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A meckel’s diverticulum is a condition characterized by the presence of a pouch in the wall of the intestines. It is a common malformation in the gastrointestinal tract (GIT), which occurs during fetal growth. Many individuals born with the condition are usually asymptomatic, meaning they do not have any symptoms. In some patients however, a meckel's diverticulum or diverticula if there are more than one present, can bleed, cause obstruction, or result in ulcer development.
Symptoms of meckel's diverticulum include abdominal pain, vomiting, and nausea. The diverticulum usually produces acid, which may develop into peptic ulcer disease (PUD), a condition where sores develop in the stomach lining due to excessive production of acid in the area. If PUD is not treated early, it can perforate or cause a hole in the stomach. This will cause stomach waste to leak out to the abdominal space and cause peritonitis, which is the infection of the GIT. Early diagnosis of meckel's diverticulum, therefore, is often important to reduce the risk of these complications.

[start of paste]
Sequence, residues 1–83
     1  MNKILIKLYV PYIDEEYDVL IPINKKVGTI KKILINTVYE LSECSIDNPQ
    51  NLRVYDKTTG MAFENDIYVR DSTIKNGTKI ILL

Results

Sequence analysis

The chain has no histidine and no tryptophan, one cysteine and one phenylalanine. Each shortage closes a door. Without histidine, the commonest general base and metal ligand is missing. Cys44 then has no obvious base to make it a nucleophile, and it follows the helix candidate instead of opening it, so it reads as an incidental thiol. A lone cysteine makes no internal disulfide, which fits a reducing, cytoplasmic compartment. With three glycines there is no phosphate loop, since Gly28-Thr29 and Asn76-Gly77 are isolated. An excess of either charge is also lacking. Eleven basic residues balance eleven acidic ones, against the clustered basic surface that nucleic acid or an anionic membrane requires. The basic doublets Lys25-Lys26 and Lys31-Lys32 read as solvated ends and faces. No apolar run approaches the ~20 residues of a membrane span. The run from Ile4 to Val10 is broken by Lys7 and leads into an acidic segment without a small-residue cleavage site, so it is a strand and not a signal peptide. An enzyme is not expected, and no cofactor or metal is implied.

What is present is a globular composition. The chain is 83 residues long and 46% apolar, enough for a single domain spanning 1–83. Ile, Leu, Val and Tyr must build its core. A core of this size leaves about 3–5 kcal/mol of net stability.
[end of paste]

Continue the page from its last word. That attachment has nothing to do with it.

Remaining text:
Many laboratory procedures are frequently done to evaluate the GIT. A blood test is usually requested to check for infection and anemia, or low red blood cell count. Stool examination is also performed to check for any occult or hidden blood.
Some diagnostic imaging tests are also done. One is the abdominal ultrasound to visualize the entire GIT for possible occlusions in the gut caused by a meckel's diverticulum. A barium enema is also helpful in giving a more precise look at the GIT. It is usually done by making the patient ingest a dye to effectively visualize the affected intestines.
Gastroenterologists, doctors who specialize in diseases of the GIT, generally treat patients with meckel's diverticulum. They may refer patients for a laparoscopy. Laparoscopy is a procedure where surgeons make small incisions in the abdomen and insert some probes equipped with a camera and other necessary equipment. Through this procedure, surgeons can usually evaluate the GIT for obstruction and bleeding, as well as initiate treatment.
Aside from the laparoscopy technique, another treatment option is abdominal surgery. It is usually performed by making an incision in the abdomen, which allows surgeons to enter the GIT and remove the diverticulum or diverticula. The major goals of treatment are to address the complications and prevent others from occurring. After the removal of meckel's diverticulum, patients usually gain full recovery and become free from symptoms.
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